I am convinced it is worthwhile to wait until the other person’s sentence has come to a full stop. Only then boot up your CPU (Central Processing Unit) to think it over, and then, only after that, think of what to say. What seems to take too many seconds? Worth it! For then the person feels heard… 

In this sad world, for too many people, being heard is all too rare: No wonder I get told I am a good listener. I will always show even an impatient “type A personality” that I respect them enough to take time to listen and think. Even an impatient person will respect that. 

And hey, let’s remember, time telescopes when you are being looked at. What seems like a few long seconds? Microseconds! It’s barely a few microseconds.

I am sure there is an inner level of listening many people never achieve. From Book Three of David Gerrold’s War against the Chtorr, told in the first person, is a scene in a children’s refugee orphan camp. Even though the hero wants something from the young camp director, he isn’t truly listening. 

I made an impatient waving gesture with one hand. “I know all that, Birdie. Let’s just cut to the chase, all right?”

She turned her chair to face me, pulled it close and leaned in close. She said, “What I’m getting at is this: for someone who seen as much and done as much in the past two years as you have, you are one of the most pompous, arrogant, and unlikable bigots it has ever been my misfortune to deal with. I like you, but it doesn’t change the fact that you have the very bad habit of not really listening to people. You’re not really listening now. You’re more concerned with boogey men up in the hills than in dealing with the children you’ve supposedly accepted responsibility for. At the first…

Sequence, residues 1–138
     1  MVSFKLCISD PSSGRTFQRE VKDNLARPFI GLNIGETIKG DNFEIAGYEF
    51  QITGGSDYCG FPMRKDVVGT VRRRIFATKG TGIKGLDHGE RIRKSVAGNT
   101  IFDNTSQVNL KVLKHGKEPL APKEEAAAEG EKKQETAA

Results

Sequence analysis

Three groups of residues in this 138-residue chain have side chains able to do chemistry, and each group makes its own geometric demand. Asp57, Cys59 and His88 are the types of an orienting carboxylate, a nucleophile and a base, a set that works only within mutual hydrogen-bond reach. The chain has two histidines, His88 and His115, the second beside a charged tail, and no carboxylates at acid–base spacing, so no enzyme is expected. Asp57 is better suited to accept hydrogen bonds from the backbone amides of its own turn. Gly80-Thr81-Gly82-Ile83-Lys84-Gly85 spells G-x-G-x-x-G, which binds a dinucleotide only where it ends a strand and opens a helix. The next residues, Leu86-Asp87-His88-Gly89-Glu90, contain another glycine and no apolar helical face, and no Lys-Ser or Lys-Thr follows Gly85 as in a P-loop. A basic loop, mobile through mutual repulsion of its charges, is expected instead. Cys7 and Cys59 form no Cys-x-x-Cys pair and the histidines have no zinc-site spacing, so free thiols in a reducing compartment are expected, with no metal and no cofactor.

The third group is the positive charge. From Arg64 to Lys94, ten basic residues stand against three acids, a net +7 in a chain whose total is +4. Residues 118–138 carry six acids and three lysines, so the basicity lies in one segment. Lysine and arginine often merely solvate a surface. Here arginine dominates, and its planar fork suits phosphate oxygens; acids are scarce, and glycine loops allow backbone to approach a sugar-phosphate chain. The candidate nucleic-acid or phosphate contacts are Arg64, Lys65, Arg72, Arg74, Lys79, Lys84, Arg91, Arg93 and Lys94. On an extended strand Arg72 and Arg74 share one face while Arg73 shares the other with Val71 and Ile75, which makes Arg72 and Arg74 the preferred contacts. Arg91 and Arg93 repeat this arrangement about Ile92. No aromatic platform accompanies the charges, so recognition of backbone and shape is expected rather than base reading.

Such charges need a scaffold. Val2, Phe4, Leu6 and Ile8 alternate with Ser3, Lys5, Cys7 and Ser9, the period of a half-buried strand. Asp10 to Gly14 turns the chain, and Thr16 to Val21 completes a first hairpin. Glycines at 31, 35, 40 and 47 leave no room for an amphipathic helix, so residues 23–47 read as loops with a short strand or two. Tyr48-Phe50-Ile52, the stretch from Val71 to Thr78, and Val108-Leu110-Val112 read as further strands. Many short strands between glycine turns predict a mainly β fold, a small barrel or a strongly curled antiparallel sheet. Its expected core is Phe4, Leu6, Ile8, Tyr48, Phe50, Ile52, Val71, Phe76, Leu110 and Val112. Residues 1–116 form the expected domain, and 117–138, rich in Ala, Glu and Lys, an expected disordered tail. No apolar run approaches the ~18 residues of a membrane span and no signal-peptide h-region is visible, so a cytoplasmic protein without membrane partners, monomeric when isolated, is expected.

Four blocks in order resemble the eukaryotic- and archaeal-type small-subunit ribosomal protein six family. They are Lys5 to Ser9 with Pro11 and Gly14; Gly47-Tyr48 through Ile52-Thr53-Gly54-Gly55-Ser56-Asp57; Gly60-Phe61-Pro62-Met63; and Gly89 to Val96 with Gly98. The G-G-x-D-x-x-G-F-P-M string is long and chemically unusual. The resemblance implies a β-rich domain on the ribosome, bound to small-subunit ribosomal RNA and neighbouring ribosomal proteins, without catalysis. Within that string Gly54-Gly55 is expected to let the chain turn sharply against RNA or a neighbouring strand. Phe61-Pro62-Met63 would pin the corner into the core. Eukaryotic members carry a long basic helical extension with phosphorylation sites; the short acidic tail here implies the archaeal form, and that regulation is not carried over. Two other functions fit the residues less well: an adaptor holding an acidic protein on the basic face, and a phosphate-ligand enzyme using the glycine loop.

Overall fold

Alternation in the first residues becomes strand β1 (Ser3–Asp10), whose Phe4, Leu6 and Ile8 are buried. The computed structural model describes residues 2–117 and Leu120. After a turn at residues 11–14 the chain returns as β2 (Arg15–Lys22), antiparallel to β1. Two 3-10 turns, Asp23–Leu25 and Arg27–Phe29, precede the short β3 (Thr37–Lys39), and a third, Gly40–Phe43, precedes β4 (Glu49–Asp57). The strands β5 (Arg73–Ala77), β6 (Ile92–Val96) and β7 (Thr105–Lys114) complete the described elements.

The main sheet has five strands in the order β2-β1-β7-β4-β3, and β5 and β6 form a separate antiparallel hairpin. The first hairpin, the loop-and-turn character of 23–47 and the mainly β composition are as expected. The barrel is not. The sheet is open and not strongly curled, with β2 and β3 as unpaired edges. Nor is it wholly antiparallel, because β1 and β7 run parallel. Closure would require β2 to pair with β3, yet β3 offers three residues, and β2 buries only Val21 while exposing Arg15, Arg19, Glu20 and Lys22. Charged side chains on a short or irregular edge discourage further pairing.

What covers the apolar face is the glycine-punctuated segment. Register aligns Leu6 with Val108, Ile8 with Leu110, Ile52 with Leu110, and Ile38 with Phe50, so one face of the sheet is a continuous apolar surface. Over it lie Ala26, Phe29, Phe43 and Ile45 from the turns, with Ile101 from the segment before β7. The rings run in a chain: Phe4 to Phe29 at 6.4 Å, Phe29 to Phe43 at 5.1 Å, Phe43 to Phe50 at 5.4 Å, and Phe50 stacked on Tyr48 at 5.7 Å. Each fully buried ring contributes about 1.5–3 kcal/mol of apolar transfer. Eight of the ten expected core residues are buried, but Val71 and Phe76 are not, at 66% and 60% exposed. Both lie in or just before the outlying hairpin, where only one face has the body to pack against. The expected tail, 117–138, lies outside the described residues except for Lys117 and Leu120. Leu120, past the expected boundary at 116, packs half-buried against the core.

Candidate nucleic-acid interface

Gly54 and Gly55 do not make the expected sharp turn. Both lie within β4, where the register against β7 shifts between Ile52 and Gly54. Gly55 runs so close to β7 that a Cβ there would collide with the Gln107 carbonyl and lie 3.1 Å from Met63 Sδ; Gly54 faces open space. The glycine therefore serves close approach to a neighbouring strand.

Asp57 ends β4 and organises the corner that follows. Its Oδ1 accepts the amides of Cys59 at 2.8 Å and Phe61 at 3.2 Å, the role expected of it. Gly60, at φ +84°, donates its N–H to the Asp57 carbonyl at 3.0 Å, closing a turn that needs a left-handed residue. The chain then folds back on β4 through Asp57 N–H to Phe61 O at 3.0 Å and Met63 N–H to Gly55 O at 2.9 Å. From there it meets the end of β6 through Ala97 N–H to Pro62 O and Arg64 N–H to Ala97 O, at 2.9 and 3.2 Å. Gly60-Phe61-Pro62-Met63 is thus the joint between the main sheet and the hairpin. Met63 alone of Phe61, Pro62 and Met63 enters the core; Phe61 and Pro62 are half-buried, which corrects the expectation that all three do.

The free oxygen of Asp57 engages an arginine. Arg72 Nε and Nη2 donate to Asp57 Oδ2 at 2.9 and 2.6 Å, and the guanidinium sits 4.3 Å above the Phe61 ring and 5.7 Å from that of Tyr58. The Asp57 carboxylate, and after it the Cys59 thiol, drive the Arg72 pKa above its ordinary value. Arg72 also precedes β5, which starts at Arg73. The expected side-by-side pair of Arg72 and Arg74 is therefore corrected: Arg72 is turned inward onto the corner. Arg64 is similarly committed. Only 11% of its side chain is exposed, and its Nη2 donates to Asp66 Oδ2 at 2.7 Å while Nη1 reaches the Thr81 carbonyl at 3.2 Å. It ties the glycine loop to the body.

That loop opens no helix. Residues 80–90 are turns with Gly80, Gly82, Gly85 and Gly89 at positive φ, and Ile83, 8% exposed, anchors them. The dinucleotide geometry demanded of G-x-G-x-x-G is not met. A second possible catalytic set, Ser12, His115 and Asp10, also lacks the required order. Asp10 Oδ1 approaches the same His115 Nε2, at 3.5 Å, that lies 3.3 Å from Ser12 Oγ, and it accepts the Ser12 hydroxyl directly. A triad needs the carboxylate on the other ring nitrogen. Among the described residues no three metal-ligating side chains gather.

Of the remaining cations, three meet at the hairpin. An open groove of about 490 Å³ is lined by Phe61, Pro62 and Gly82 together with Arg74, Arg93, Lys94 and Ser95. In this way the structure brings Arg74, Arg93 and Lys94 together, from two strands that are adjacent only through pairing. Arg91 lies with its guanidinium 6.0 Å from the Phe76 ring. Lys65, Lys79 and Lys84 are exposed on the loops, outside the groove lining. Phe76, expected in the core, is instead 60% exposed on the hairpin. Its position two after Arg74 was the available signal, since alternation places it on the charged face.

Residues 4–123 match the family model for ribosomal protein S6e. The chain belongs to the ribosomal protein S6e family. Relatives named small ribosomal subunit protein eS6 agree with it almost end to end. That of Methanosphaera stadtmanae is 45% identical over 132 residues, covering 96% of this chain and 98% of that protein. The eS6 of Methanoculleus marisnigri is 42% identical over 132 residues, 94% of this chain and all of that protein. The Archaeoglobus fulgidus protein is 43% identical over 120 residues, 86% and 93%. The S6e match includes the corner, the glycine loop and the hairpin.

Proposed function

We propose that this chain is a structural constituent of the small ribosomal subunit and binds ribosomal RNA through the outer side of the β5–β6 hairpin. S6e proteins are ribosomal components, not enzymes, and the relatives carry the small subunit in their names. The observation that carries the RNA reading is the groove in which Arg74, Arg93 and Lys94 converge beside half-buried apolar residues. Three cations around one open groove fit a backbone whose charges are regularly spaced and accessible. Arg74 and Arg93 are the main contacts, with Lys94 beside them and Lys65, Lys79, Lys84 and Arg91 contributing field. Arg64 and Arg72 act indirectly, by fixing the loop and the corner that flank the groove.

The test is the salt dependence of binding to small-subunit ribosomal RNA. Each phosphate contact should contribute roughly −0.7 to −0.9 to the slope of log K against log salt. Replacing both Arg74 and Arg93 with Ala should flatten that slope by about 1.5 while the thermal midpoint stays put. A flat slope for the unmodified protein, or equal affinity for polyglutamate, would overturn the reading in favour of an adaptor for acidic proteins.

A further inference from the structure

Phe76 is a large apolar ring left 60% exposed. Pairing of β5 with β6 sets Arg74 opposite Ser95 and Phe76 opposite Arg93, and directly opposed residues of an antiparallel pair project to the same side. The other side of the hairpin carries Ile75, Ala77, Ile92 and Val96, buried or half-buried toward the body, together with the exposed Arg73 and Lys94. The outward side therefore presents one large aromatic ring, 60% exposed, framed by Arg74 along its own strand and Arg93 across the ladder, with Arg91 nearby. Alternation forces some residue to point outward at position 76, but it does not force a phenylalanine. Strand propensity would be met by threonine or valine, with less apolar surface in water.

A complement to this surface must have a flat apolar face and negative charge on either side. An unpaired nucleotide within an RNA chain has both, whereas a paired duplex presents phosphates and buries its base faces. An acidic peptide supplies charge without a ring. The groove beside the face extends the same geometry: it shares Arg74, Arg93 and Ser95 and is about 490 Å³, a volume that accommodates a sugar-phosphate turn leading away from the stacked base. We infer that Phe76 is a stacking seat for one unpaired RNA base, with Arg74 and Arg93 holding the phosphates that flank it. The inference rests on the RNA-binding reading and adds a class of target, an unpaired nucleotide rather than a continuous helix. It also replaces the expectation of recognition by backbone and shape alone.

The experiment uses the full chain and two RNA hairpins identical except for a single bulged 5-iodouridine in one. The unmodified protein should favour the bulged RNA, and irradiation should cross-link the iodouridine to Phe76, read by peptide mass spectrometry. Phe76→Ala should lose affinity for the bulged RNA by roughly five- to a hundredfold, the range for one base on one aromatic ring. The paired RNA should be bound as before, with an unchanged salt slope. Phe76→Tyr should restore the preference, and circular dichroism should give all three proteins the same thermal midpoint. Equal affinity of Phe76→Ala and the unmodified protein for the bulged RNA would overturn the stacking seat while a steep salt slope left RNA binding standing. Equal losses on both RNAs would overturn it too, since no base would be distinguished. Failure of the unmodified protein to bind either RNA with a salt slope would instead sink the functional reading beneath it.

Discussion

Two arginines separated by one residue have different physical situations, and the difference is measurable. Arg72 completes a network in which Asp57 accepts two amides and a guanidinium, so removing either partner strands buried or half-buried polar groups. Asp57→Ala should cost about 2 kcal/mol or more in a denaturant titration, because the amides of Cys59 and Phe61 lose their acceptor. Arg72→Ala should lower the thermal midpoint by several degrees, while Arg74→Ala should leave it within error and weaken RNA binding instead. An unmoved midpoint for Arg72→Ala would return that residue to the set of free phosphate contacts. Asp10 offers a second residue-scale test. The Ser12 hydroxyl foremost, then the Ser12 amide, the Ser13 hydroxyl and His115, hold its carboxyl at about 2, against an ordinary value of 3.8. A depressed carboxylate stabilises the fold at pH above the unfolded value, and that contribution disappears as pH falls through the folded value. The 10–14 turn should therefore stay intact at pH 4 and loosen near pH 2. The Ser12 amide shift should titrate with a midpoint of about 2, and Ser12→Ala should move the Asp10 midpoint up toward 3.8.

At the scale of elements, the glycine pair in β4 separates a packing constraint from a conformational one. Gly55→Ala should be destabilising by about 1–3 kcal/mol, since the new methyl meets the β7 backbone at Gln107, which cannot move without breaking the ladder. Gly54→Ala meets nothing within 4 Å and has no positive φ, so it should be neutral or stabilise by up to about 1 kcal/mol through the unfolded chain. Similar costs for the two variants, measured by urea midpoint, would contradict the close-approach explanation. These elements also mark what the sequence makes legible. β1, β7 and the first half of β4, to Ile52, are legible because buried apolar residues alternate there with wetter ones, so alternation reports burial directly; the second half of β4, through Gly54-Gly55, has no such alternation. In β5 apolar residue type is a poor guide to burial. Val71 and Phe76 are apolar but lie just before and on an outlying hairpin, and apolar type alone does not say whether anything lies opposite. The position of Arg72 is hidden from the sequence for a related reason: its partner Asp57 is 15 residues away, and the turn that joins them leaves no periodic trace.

UNQUOTE (page 289)

Key phrase: “You aren’t really listening.”

Ego. Such a strange filter. It is a listener’s weak ego, I am sure, including his “I know more than you do” that makes him assume his own concerns, during a conversation, including his thoughts about the future, are more important than the person “here and now.” Ego can filter out the big world, if we are not willing to humbly release our own little world while we listen.

But there’s another sort of filter used by the weak: Here’s a scenario from an essay by computer millionaire Paul Graham. He runs a company to advise groups of “founders” of “startup” (computer software) companies. Again the place is an office. Graham converses, but do they listen? He describes unsuccessful founders in terms of their listening.

QUOTE Like real world resourcefulness, conversational resourcefulness often means doing things you don't want to. Chasing down all the implications of what's said to you can sometimes lead to uncomfortable conclusions. The best word to describe the failure to do so is probably "denial," though that seems a bit too narrow. A better way to describe the situation would be to say that the unsuccessful founders had the sort of conservatism that comes from weakness. They traversed idea space as gingerly as a very old person traverses the physical world. UNQUOTE

At the office location, Graham’s partner wrote:
My feeling with the bad groups is that coming into office hours, they've already decided what they're going to do and everything I say is being put through an internal process in their heads, which either desperately tries to munge what I've said into something that conforms with their decision or just outright dismisses it and creates a rationalization for doing so. They may not even be conscious of this process but that's what I think is happening when you say something to bad groups and they have that glazed over look. I don't think it's confusion or lack of understanding per se, it's this internal process at work.